In 1996, Peter claimed legal copyright over his land as a work of art, forcing pipeline developers to do expensive rerouting around it ever since.
Land developers were disrupting his day and keeping him from making his art, so he began charging them $500 an hour to meet with him. They are asking for fewer meetings since.
He has beaten industry conglomerates at their own bureaucratic game with his art.
As an artist in Canada you automatically have copyright over your own creations for up to 50 years after your death. So that was the part of that law that he decided to enforce.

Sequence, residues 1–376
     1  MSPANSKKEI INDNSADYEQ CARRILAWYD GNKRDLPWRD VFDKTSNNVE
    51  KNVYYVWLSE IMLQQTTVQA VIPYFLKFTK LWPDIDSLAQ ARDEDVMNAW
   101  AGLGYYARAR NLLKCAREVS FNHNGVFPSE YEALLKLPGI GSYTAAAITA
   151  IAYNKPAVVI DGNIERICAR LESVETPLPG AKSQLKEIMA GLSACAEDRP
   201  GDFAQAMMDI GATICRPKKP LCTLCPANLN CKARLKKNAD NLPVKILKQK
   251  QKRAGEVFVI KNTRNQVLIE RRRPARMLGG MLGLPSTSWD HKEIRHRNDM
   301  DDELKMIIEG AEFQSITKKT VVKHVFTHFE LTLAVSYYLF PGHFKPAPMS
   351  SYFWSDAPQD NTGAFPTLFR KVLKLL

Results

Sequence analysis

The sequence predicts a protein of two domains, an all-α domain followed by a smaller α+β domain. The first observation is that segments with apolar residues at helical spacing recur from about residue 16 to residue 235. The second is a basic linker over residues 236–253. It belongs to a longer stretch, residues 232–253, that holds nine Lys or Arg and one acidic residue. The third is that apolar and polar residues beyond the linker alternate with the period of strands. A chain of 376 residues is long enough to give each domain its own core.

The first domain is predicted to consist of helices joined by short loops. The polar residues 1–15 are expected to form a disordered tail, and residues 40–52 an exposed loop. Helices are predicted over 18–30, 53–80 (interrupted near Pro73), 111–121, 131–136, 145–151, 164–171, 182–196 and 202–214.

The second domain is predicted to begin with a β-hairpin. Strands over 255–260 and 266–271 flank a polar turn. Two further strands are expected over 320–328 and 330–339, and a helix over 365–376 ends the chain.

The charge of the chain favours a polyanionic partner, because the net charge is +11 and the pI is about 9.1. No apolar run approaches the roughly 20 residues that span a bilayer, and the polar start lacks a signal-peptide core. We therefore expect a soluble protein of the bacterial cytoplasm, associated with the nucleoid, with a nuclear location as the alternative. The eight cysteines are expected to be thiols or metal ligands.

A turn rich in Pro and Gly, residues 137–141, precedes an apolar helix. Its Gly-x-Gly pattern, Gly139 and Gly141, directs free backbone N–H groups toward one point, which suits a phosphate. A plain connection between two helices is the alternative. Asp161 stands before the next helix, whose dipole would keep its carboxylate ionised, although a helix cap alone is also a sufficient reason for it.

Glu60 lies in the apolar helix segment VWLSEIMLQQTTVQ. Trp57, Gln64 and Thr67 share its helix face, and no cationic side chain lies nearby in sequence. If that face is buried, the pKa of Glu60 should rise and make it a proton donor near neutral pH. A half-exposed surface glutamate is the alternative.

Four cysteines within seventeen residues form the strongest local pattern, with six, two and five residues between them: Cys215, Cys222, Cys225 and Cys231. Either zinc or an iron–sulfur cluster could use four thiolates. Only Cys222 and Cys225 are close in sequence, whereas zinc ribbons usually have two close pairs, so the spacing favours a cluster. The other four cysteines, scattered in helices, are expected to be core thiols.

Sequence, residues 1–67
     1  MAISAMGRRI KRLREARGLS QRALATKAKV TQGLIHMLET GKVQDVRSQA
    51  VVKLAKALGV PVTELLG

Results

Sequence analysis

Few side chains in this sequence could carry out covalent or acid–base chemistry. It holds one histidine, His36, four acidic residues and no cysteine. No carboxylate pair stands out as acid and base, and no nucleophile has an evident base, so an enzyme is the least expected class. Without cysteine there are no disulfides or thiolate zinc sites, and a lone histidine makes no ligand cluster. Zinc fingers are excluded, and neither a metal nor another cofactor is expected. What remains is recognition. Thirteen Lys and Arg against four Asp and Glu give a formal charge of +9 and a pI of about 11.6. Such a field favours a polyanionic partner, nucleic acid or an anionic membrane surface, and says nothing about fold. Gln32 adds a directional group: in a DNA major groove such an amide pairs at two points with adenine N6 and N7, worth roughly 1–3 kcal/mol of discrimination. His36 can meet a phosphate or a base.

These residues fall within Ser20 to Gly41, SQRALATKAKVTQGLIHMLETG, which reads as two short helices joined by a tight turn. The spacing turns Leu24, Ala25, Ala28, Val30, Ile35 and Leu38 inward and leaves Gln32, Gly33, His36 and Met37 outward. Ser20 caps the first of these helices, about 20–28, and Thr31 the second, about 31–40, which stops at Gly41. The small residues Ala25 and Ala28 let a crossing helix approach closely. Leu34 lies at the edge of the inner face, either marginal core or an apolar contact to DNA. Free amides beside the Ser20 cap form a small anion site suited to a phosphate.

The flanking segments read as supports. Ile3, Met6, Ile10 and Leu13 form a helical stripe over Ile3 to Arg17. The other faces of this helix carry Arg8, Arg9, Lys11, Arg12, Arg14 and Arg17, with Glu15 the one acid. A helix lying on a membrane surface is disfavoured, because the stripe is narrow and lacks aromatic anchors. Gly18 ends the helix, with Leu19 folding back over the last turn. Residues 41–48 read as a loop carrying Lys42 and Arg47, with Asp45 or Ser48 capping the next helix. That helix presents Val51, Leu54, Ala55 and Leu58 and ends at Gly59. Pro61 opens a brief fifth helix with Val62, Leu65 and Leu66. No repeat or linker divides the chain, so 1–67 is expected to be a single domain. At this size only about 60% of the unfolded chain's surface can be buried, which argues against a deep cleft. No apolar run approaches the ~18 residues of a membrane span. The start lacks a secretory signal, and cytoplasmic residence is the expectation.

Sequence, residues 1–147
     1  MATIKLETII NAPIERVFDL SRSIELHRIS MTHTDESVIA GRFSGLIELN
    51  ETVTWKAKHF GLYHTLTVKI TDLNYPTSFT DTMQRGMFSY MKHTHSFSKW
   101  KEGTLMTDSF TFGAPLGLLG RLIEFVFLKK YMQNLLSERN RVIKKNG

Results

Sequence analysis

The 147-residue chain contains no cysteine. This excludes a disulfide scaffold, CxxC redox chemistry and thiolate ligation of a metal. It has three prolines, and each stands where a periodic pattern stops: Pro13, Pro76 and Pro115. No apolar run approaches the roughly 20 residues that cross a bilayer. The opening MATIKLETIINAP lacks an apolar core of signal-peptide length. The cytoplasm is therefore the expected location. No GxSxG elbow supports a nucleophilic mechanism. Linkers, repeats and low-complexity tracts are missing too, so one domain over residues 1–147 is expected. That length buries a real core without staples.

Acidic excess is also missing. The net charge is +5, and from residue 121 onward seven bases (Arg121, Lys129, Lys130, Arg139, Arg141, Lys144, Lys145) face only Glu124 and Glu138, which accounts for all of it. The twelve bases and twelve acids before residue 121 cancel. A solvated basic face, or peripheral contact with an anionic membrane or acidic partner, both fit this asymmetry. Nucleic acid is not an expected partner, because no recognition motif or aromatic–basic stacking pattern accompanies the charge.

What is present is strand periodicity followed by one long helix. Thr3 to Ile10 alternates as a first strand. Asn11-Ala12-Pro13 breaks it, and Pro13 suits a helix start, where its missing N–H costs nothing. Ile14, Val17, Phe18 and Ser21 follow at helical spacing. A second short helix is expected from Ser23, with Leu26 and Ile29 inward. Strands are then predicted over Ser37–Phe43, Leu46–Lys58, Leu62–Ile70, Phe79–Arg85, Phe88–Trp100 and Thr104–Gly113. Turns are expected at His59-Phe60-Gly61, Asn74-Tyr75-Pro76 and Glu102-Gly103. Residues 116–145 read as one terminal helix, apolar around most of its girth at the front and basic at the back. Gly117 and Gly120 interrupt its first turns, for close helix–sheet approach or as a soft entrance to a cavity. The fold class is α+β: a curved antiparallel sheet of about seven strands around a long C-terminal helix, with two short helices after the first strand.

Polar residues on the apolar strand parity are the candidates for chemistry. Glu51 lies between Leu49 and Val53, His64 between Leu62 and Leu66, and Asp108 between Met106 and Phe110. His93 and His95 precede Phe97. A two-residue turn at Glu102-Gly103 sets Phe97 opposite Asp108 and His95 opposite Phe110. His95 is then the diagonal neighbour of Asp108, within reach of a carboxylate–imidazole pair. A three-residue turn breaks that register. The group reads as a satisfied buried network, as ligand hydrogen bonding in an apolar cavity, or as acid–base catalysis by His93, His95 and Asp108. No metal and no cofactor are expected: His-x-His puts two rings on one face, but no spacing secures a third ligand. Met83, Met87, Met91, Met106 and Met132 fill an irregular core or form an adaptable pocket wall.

They offered him a huge sum of money, but he declined. He stood fast and his sales started to go up and within a short period of time made the amount they offered through the sale of his work.
Instead of compromising, he has drawn a line in the sand, or more accurately, a fence on his land, for his life time plus 50 years. In doing so, he has not only created a legacy with his art, and his land, he has also created a legacy of courage, strength and principals. He has shown us that one person can make a big difference, and that small battles can be won against the establishment and mega corporations with deep pockets.
Read more about Peter, his wife and children, their long term health problems, his fight with authorities, and their attempts to harass him.